blast at Kurdish separates going off to them both at home and across that border in Syria, where Turkey is facing massive issues.
The Syrian government forces, backed by Russia and Iran, appear to be on the verge of defeating Turkish-backed rebels in the North Turkey, really
investing an awful lot in its stakeholders over the years in Turkey. And they are concerned and cornered, to a certain extent, experts say, losing
strategic allies there.
And this is where we see Ankara boosting alliances with Middle Eastern powers, specifically, Saudi Arabia. Arwa pointing out for example that it
is sort of at odds to a certain extent with its ally, the U.S. So you see Ankara moving towards alliances with Saudi. The two have said that they
are willing to send ground troops into Syria with plans to move Saudi warplanes to Turkey's Incirlik air base. And it is --
ANDERSON: -- moving ahead with plans to expand a coalition of Arab and Muslim countries. Now this is in Riyadh, carrying out its largest-ever
military exercise this week. Robyn, its message is clear. We are ready to fight.
And I think we are seeing another sign that these geopolitical clashes being played out in the bloody arena of Syria may continue to shape the
future of the Middle East, Syria becoming an -- as if it could become any more complex, it seems to be doing so at this point -- Robyn.
CURNOW: Yes, a dizzying array of warring parties and a growing and chaotic battlefield, thanks to both of you, Arwa and Becky. Appreciate
your analysis, guys.
Crucial negotiations are under way on keeping Britain in the European Union. Leaders are gathered in Brussels for what E.U. president Donald
Tusk calls a make-or break-summit.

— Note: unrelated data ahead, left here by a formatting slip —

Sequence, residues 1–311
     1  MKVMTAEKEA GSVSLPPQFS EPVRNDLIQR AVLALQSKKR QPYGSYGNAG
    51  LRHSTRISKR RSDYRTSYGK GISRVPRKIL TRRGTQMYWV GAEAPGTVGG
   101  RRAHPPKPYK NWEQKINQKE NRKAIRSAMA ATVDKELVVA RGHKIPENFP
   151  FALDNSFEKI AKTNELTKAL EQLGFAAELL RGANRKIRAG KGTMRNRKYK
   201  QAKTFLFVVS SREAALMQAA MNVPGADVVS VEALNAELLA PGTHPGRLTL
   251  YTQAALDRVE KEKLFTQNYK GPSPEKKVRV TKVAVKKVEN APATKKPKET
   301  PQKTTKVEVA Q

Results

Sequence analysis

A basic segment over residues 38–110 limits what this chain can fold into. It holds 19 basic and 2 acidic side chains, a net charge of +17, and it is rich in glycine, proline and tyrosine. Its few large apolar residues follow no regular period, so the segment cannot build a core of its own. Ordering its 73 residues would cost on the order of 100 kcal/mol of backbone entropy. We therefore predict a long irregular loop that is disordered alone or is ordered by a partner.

British prime minister David Cameron wants key concessions on issues like migration before putting the so-called Brexit vote to the people.
Nina dos Santos has the lead-up to these high-stakes talks.
NINA DOS SANTOS, CNN HOST (voice-over): Criss-crossing the continent, shaking hands and at times showing his teeth...
DAVID CAMERON, PRIME MINISTER, GREAT BRITAIN: We want to have a Europe where we're not subsumed into a superstate but we can be proud and
DOS SANTOS (voice-over): -- David Cameron has plowed on with his efforts to secure a form of the E.U., concessions which he hopes will
convince his country to stay in the union on its own terms.
CAMERON: We want a Europe that is competitive. We want a Europe that respects our currency and treats us fairly.
DOS SANTOS (voice-over): But behind the scenes and in front of the cameras, experts have begun to lay the taboos on the table, acting out here
how a British exit or Brexit would play out in complex negotiations. And it isn't pretty.
UNIDENTIFIED MALE: It's not as if the 1st of July you would be out. You would be out once you come to an agreement with the European Union.
UNIDENTIFIED MALE: Norman said the euro is decidedly a disaster.
UNIDENTIFIED FEMALE: You're not going to be saved in a kind of Noah ark.
UNIDENTIFIED MALE: This is an absolutely devastating decision that Britain has taken.
DOS SANTOS: The E.U. is the U.K.'s biggest export market, taking in about 44 percent of its goods and services every year. That share has been
dwindling over the past decade. What's more is that the U.K. runs a deficit with Europe and the trade surplus with other faster growing
economies, which is why some suggest the nation could afford to go it alone.
UNIDENTIFIED MALE: You have people at either end of the debate, some desperate to leave, some desperate to stay. Most people trying to find
what is actually in Britain's long-term interest.
DOS SANTOS (voice-over): But leaving the E.U. could cost the country dear. Up to 3 percent of its GDP, according to some surveys. As free
trade deals become void and terrorists return. Goldman Sachs for one reckons the pound could plunge 20 percent.
For the rest of the E.U., a U.K. departure wouldn't just mean lost growth; it could set a dangerous precedent for others eyeing at the exit